As per the rules of the FA, the score or result of an under-7 match may not be publicised, because it is strictly friendly and non-competitive. So I will draw a discrete veil over the event and say only that every time the opposition scored, my little boy wilted into tears, and on at least two occasions I broke with convention and ran round the pitch to give him a cuddle. He's only seven after all. And by 11 o'clock he was a very, very tired seven, who was adamant that he hadn't enjoyed playing at all.

I have spent a large portion of the weekend feeling desperately sad about how easily his confidence is bruised, and how easily he turned from my confident little torpedo, shredding a defence to canon a ball into the top corner into a hesitant, nervous defender, hanging back, dropping off the ball, shying away from the tackle. As always I find myself wondering how I can help him build his resilience. How I can persuade him that winning or losing a game is not a judgement on his worth as a person. How I can convince him to keep picking himself and trying again if things don't go his way first time. And then I remember he's only seven, and it's asking a lot of him.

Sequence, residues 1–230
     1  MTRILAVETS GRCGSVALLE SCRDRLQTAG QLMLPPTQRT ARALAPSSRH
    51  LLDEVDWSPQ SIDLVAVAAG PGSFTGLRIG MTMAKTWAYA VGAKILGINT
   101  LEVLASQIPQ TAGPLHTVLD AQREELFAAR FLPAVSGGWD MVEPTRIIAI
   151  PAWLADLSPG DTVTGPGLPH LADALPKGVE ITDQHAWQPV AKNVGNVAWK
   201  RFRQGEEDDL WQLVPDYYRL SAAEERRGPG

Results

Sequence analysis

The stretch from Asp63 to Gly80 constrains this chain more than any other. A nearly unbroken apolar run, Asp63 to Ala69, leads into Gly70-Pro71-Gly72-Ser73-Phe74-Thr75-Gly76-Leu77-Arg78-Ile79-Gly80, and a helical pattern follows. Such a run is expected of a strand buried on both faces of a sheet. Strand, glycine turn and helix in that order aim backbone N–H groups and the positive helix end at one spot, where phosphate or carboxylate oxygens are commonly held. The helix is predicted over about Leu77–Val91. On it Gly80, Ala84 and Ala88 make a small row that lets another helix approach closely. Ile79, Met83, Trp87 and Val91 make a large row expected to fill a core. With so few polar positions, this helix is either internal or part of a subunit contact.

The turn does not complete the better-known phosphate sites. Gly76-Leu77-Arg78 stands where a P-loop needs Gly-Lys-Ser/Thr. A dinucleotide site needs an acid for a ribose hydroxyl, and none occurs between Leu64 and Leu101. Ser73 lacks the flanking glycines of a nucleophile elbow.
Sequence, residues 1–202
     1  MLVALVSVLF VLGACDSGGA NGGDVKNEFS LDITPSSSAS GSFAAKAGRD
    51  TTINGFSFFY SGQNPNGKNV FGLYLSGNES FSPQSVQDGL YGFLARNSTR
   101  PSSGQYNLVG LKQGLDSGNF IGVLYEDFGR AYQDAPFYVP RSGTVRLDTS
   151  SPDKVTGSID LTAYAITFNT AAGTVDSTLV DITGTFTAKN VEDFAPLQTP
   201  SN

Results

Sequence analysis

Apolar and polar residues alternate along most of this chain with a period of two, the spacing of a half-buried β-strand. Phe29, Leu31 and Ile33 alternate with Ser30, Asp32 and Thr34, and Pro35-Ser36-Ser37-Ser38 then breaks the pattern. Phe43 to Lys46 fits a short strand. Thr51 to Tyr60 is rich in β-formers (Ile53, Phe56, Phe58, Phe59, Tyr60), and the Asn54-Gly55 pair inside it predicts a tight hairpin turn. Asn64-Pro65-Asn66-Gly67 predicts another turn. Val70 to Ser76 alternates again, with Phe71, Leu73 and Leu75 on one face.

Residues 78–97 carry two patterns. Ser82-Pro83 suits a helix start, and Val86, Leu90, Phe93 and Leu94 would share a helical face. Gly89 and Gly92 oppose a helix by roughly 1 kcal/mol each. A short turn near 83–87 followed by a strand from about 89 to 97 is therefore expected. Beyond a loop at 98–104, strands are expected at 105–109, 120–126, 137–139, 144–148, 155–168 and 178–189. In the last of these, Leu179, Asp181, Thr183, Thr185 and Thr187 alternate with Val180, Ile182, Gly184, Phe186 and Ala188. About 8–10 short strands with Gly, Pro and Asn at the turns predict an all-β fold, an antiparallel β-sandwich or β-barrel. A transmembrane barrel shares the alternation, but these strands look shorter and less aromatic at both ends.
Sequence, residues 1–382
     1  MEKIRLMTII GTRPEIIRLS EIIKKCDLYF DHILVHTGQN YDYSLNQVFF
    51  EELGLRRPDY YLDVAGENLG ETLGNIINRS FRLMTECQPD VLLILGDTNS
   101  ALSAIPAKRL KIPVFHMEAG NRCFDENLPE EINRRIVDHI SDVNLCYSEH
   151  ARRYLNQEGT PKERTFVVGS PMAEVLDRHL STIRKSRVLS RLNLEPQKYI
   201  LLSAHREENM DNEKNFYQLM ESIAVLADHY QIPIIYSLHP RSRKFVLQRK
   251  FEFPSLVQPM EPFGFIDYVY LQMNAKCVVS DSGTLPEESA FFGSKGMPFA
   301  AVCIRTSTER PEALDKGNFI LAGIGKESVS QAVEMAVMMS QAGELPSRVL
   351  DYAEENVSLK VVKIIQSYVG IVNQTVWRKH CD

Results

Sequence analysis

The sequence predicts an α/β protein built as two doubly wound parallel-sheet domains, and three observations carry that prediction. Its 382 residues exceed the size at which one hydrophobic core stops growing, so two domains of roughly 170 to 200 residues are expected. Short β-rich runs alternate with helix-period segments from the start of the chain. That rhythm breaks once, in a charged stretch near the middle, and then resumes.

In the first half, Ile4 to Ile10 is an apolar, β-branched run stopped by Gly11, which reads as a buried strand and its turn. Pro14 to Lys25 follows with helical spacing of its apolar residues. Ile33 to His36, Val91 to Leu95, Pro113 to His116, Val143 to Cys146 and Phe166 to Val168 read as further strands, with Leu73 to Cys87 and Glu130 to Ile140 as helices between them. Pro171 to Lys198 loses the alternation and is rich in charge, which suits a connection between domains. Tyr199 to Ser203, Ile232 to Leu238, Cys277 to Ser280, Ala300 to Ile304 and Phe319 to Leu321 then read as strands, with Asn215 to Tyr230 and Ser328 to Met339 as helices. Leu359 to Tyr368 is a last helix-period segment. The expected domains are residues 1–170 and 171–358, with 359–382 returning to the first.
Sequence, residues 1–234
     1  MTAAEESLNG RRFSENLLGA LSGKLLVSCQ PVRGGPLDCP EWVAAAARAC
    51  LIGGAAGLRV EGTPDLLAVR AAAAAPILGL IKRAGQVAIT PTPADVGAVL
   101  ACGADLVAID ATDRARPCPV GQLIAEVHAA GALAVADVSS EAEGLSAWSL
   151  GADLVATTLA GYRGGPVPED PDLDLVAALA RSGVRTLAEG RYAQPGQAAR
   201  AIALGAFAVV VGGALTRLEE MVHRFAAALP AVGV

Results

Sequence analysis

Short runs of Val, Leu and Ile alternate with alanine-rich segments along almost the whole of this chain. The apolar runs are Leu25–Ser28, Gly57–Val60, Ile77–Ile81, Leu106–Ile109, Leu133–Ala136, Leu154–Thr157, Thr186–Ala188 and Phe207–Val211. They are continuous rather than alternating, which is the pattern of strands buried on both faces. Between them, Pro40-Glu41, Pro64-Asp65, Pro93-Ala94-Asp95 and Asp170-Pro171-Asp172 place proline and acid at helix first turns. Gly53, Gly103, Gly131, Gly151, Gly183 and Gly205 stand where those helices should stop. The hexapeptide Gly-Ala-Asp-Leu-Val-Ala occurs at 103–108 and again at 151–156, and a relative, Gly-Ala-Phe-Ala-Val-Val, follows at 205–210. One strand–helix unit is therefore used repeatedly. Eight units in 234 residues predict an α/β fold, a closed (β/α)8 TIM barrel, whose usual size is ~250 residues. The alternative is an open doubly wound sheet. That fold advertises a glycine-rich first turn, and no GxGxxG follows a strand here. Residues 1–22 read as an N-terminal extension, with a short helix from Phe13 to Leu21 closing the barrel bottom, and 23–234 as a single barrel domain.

A morning of exhaustion and heartbreak set us up perfectly for going to a spy-mission themed birthday party in the afternoon. It may not come as much of a surprise that my LittleBear spent three-quarters of the party sat on my lap doing a word search while his little friends undertook the spy mission. He was too scared to want to join in. Fortunately(?) two of the other little friends were in similar state, so he wasn't plagued with the self-doubt of being the only child who didn't want to join in. And, by his own admission, he enjoyed the party. Funny little soul.

Today, which could have been restful, was punctuated instead by the screaming of a huge circular saw in the building site, as the diligent all-weather builders sliced up massive quantities of insulation to fit into the new roof. They elected to do this because it was going to be "quieter for us" than hammering the roof to put the rest of the slates up. They have a funny idea of quiet. But they are utter perfectionists and have done a beautiful job of fitting the insulation to my peculiar-shaped roof. So there's that.

BigBear was tired. I was tired. LittleBear was tired. IdiotCat was probably tired. He was certainly stressed, as the moment the rest of the bear family had finished breakfast and disappeared upstairs together, he voided his bowels on the carpet. It really improved the day. Again. He even chose a different patch to the one he'd just peed on and I'd already cleaned earlier in the morning.